I never thought I would go through with a one-night stand. Not because I’m religious; although I did die with salvation on the cross that day I stole something for the last time, and since then have had the sword of Damocles hanging over my genitalia. Sex is like a shot of cognac or a glass of wine after a long day of work—and even though I shoot the risk of producing an unplanned life like destroying a once healthy liver—I always after work, want a shot; to relax, to sleep afterwards and rejuvenate from the lack of sleep that unsettled. I laid a day’s worth of wages on the table and went through with it, and it was just as good as collard greens, in some parts, sukuma, at the restaurant; just as good as the snifter of cognac afterwards. So good, I wanted to clip one of the beads from her waist and save it; just in case she, at the end of dinner or at the bottom of the bottle, decided not to see me again. Which she did; she said there are seasons, then went and chopped off her hair, all of it. I went to work and acted as if nothing had occurred, as if it were all a dream, except it takes weeks for me to recycle. Withstanding is why I will never go through with one again, I will never eat that food at that restaurant again, and the last time I had a glass of cognac or wine, the genethliac of my calendar year was approaching with a full Sagittarius moon that I will never celebrate again. Rather, that’s how it began, first birthdays went unacknowledged, and then holidays. I even leapt leap year when it came around. Eventually we ran into each other at a produce market, we each had our hand on a crown of broccoli. Being an honest man, I expressed to her what I desired; it had been awhile. She touched her sheared hair and praised how well I looked, but said something about not sleeping with the same man twice, not sleeping with men at all.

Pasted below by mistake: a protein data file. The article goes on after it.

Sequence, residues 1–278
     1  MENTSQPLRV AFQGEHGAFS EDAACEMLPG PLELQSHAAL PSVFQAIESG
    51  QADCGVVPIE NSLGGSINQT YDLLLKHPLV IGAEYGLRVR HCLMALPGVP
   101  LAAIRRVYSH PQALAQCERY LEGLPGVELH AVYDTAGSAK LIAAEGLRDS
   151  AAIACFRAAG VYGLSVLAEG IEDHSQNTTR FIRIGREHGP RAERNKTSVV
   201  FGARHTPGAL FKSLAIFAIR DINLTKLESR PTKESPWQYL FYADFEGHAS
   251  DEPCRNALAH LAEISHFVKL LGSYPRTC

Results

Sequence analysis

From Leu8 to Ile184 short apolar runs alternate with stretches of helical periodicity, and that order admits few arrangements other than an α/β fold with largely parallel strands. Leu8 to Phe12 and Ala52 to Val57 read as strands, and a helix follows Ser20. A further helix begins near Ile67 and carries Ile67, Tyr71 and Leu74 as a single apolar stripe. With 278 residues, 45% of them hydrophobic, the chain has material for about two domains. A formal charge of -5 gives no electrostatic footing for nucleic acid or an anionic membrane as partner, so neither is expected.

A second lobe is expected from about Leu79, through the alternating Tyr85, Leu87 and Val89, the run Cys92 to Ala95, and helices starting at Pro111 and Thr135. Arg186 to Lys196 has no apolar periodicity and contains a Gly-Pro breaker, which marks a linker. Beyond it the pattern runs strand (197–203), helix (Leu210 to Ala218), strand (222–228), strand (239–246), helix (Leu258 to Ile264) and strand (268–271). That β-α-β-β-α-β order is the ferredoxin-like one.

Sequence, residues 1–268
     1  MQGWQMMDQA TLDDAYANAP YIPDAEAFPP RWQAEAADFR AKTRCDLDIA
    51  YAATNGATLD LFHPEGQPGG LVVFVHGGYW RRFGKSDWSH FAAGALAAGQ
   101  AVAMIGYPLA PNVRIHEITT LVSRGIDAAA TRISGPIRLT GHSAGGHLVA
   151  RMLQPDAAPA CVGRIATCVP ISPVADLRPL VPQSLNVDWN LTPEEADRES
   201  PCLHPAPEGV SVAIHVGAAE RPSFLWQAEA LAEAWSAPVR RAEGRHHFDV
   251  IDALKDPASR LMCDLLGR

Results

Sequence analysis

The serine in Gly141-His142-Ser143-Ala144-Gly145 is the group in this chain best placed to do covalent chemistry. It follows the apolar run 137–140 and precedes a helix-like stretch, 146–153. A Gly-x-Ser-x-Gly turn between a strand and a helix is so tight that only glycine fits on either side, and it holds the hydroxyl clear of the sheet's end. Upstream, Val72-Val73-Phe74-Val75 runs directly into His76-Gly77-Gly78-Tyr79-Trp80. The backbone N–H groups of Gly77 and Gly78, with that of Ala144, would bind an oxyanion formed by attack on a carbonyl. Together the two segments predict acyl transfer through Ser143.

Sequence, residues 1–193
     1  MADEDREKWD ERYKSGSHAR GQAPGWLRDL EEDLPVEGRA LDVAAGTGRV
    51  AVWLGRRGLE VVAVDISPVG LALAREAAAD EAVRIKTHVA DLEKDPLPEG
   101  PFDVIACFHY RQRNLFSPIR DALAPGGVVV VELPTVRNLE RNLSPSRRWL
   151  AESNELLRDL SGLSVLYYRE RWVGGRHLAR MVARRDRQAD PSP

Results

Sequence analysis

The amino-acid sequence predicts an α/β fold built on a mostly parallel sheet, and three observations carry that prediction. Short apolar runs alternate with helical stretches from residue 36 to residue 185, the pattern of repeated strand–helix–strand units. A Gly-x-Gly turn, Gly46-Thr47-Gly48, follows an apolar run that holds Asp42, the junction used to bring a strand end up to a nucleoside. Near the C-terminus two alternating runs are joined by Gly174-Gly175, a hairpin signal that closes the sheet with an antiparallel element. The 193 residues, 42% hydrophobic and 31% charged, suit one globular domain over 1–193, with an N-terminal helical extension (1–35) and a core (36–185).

Image: “Hair” by Candace Nast, licensed under CC 2.0.
Years ago I met a motorcoach driver whose surname was Flowers. I was a chaperone on an Historic Black Colleges tour and Mr. Flowers was our driver. As I watched what seemed to be the same scenery, one acre after another, I sat up front and admitted to Mr. Flowers that I could never drive a motorcoach, that I would be bored watching the same pasture mile after mile. Flowers had been a motorcoach driver for twenty years, his reply was Heraclitan: that he nevers gets bored with driving a motorcoach because, even though he had traveled the road we were on before, it was never the same road. He went on to talk about personal growth and perspective.
“I Likened Her Hair to a River” began as a sonnet that attempted to translate a confession of faith, unrequited love, and the guilt that came from a decision to do something faith admonishes. Through revision it turned away from the sonnet and into prose to speak, not so much of unrequited love, but rather of how lovers touch and go— sometimes regardless of the risk of danger, sometimes for pleasure that esteems a romantic infatuation to repeat the risk, to see that landscape again.